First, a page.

Whole Foods is fighting back against its nickname—”whole paycheck.” On Wednesday, the retailer announced that it’s slashing prices on hundreds of store items.
This isn’t the first time the company adjusted price tags. Last November, Whole Foods also announced cuts and has since offered discounts and delivery perks to 100 million Amazon Prime members. (Amazon acquired the grocery chain in 2017.)
The latest cuts affect a number of aisles, but specifically produce, such as greens, tomatoes, and tropical fruits. Mangoes, for example, are now a $1 each, and organic bunched yellow chard will run you $1.99. Whole Foods says customers can expect average savings of roughly 20% on reduced products.
In addition, Prime members will now save “more than ever” with double the number of exclusive weekly Prime Member deals in addition to deeper discounts. In the following months, Whole Foods plans to release over 300 Prime member deals on some of their most popular seasonal items. This includes 35% off all Justin’s brand products, 40% off all Kite Hill plant-based products, and a 20% reduction for all prepared sandwiches and wraps.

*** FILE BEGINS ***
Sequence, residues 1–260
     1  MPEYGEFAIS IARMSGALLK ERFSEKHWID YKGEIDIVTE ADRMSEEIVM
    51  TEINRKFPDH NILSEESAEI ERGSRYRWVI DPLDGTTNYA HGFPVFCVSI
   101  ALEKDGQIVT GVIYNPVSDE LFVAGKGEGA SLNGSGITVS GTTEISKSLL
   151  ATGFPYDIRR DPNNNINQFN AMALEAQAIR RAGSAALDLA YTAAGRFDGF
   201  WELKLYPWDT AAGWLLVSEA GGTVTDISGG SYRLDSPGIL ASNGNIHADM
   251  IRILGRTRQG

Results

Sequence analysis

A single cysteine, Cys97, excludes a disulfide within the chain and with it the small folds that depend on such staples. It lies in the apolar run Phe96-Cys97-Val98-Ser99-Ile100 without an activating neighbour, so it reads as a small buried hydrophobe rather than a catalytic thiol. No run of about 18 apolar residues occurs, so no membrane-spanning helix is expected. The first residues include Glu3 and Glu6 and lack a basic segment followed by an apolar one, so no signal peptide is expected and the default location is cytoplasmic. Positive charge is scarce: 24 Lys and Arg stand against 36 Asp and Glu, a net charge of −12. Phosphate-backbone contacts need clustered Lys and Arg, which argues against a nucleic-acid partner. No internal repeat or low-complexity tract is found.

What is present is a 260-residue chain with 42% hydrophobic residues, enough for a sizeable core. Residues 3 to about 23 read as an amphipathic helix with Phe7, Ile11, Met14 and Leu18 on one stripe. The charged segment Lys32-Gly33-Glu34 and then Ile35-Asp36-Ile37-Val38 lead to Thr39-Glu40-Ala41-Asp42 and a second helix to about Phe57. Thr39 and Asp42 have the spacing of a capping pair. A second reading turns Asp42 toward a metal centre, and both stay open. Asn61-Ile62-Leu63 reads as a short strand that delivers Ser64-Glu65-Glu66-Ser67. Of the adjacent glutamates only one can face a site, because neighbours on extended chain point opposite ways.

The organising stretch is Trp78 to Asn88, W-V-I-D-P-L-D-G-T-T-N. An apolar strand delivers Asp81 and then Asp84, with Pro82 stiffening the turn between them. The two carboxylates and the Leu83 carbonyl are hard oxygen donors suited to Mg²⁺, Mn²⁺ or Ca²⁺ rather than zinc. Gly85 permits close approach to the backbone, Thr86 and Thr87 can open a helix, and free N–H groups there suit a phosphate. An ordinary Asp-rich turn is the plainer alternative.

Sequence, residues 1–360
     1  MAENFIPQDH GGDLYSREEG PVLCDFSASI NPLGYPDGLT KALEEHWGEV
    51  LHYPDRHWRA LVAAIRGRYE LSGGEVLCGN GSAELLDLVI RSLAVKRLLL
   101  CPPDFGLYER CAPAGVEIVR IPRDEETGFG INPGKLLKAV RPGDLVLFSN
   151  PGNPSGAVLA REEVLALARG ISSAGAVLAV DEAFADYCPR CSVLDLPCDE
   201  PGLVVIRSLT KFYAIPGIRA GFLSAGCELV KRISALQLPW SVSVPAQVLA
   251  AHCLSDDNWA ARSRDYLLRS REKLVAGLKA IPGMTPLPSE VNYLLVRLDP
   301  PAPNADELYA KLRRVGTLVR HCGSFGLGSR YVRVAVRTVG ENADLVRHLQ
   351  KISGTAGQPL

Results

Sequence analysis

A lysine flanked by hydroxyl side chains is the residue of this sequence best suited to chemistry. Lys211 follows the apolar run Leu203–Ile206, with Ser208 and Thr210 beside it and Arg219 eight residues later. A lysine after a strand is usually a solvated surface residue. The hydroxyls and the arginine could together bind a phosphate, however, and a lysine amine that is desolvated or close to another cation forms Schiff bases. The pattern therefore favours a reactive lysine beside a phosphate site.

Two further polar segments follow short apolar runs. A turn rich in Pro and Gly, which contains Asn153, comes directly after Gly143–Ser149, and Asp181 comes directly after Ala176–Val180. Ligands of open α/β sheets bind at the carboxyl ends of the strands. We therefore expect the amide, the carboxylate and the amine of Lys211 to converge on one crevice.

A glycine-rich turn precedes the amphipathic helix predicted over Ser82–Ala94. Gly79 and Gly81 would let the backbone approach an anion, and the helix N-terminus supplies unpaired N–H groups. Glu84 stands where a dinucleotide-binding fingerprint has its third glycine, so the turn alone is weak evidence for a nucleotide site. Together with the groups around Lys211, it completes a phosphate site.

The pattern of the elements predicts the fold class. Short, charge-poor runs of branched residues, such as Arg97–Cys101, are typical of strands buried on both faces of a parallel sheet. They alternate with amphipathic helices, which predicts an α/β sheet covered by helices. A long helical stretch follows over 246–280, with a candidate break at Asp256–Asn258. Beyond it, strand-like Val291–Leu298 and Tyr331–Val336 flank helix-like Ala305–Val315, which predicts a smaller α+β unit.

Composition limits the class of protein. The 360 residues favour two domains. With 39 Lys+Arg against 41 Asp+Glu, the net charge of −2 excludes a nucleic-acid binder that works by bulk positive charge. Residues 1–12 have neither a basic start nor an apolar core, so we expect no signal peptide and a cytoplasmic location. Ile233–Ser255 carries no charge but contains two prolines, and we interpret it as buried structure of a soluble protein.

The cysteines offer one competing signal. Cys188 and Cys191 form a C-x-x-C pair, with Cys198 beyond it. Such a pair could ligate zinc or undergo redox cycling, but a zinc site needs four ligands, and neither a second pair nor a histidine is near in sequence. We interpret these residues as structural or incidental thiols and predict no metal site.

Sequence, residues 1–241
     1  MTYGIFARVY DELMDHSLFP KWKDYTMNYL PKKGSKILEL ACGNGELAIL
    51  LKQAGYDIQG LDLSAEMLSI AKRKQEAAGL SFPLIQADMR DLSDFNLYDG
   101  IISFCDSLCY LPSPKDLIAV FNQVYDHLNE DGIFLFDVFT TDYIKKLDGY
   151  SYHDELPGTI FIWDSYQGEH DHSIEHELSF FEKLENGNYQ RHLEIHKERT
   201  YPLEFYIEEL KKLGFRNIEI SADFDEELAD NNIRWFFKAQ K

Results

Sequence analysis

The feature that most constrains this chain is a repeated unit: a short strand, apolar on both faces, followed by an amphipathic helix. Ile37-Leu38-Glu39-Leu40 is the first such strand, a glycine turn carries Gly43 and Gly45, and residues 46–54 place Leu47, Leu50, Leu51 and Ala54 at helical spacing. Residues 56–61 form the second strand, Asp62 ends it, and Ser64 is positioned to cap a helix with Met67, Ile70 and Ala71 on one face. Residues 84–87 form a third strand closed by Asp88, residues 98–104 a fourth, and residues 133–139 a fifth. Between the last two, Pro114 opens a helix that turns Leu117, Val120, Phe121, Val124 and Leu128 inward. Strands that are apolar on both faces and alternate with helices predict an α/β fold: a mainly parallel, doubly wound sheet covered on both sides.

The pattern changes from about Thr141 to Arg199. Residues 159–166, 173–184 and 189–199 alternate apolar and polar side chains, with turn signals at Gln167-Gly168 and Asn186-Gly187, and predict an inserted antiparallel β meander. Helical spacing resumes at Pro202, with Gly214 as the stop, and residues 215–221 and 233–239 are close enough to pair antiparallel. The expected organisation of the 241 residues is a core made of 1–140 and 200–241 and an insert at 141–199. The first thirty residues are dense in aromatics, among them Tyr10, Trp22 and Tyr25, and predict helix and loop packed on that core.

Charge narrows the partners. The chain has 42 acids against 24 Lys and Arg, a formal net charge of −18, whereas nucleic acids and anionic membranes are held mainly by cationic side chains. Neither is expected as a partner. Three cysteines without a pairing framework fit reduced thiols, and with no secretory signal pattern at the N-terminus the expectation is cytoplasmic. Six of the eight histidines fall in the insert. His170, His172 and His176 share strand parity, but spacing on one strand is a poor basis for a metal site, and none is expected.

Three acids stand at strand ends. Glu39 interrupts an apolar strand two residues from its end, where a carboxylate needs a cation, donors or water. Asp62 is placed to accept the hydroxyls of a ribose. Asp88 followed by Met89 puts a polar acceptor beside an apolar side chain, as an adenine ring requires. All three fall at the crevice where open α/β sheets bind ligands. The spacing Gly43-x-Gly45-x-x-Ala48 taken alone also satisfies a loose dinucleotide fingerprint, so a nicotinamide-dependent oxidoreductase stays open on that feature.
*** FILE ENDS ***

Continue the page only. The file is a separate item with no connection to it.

Whole Foods say that since the Amazon acquisition, customers saved hundreds of millions of dollars through price cuts and Prime member deals. To entice even more subscribers, it announced a new sign-up special: Customers who try Prime will get $10 off their $20 purchase in-store. New members can try Prime free for 30 days.
“Every time a customer walks into a Whole Foods Market, they expect and trust industry-leading quality standards across aisles,” said Jeff Wilke, CEO of Amazon Worldwide Consumer, in a statement. “And now they will experience that same Whole Foods Market quality with even more savings across departments.”
Prices are the only ones cut of late. Earlier this month, Whole Foods employees reported that their shifts were dramatically cut following Amazon’s $15 minimum wage implementation last fall. A number of them said shift reductions affected workers across the board, particularly part-time workers, who reportedly saw hours reduced from 30 to 21 per week on average.
In a statement to Fast Company, Whole Foods refuted the workers’ claims, claiming their full-time team members averaged the same number of hours in January and February 2019 as they did during the same time last year. The company did not, however, address its part-time workers.